Episode 44: The birth of Hui Aloha ‘?ina with Dr. Jon Osorio
The overthrow of the monarchy in 1893 launched another profoundly challenging period in Hawai‘i’s history, says historian Kau‘i Sai-Dudoit.
“It’s a very scary time to be a Hawaiian subject, hearing your queen has been dethroned, then hearing that she’s been imprisoned. Where does your confidence go, and who are these new people and what are they going to do? Times were really unsure.”
Joseph and Emma N?wah?, publishers of the newspaper Ke Aloha ‘?ina, forged a new political party, Hui Aloha ‘?ina, dedicated to defending Hawai‘i’s independence. The leaders of the overthrow, meanwhile, pushed for the U.S. to annex Hawai‘i. But instead President Grover Cleveland withdrew the annexation bill from Congress and sent James Blount to investigate. After receiving Blount’s scathing report Cleveland gave a speech to Congress in which he called the overthrow an “act of war” against the Hawaiian government. As things played out in Washington, Hawaiian patriots came together to defend their nation—and the term aloha ‘?ina took on new resonance. Here is UH M?noa professor Jon Osorio.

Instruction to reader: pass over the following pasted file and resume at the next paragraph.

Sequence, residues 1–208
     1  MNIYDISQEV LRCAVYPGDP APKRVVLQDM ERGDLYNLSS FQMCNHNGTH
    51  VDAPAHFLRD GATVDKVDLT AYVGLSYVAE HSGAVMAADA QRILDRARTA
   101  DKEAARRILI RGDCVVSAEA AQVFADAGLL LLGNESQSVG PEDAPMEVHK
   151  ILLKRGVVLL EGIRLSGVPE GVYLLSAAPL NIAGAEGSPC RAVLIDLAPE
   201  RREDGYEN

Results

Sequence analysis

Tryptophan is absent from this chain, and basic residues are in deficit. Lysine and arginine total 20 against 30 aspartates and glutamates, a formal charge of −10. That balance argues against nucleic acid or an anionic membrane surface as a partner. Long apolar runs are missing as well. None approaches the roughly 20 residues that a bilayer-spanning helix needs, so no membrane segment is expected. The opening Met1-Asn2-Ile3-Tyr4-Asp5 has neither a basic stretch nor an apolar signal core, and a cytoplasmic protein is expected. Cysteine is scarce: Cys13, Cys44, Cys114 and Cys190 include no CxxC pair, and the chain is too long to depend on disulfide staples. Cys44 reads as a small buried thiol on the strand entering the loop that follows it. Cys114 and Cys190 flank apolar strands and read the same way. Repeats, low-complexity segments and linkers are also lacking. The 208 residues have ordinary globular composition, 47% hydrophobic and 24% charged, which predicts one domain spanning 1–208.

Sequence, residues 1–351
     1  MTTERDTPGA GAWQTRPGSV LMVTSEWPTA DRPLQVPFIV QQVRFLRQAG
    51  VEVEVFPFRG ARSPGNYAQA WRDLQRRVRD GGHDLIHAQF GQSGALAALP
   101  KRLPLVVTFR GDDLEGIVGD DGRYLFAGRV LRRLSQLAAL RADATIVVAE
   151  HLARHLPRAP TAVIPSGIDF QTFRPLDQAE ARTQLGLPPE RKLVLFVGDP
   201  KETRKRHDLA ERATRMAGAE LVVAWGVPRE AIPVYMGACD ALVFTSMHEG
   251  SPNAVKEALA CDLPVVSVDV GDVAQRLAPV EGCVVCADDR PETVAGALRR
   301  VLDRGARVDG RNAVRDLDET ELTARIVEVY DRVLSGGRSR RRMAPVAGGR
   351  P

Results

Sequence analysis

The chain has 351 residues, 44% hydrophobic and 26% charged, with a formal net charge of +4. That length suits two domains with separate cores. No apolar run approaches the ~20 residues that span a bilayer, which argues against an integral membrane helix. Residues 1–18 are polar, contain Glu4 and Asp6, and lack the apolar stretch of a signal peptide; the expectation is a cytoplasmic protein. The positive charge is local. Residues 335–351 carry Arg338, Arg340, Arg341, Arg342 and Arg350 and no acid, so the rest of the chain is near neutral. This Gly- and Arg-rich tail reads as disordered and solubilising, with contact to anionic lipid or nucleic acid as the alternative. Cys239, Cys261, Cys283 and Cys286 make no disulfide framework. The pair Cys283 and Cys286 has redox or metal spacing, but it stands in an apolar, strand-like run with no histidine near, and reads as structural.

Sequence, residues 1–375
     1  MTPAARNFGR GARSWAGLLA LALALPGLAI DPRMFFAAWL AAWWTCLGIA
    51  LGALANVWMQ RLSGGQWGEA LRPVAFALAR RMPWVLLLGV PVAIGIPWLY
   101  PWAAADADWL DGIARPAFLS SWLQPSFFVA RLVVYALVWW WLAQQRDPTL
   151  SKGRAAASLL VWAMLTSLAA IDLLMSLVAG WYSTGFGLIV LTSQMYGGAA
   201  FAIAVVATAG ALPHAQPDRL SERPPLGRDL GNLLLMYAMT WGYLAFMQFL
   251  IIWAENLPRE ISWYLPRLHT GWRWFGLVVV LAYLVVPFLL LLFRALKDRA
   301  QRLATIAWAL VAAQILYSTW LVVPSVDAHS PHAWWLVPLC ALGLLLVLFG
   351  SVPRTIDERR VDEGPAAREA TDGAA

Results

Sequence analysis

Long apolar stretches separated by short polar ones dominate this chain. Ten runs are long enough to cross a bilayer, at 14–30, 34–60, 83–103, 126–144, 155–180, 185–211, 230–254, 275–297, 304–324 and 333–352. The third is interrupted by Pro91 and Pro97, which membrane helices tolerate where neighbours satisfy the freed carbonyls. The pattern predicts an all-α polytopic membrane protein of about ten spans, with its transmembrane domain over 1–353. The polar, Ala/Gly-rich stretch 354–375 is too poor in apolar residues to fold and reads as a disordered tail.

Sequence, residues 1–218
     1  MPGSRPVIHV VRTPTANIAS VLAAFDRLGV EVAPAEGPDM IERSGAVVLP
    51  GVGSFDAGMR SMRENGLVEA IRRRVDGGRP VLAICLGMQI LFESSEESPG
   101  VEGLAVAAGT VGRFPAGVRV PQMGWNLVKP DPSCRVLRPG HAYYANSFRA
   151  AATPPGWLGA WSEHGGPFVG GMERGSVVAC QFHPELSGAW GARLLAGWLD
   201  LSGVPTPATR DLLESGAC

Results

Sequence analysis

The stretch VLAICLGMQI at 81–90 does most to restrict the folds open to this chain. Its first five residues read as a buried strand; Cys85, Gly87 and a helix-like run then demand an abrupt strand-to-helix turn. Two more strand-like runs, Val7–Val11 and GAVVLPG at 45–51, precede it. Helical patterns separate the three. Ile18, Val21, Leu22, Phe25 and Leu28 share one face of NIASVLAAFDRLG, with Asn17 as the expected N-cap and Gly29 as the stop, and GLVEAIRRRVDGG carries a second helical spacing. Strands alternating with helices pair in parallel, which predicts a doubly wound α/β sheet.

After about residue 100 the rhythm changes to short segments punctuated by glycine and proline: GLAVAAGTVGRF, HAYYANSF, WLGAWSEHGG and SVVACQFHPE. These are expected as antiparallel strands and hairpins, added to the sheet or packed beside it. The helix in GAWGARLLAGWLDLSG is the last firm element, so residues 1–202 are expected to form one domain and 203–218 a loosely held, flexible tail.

“The word aloha ‘?ina then in the 1890s is no longer referring only to this ancestral love of the land, but N?wah? would also talk about that, about this deep and abiding familial love for the ‘?ina. But aloha ‘?ina at this point comes to be the message that is trying to bind Hawaiians together to oppose the loss of an independent government.”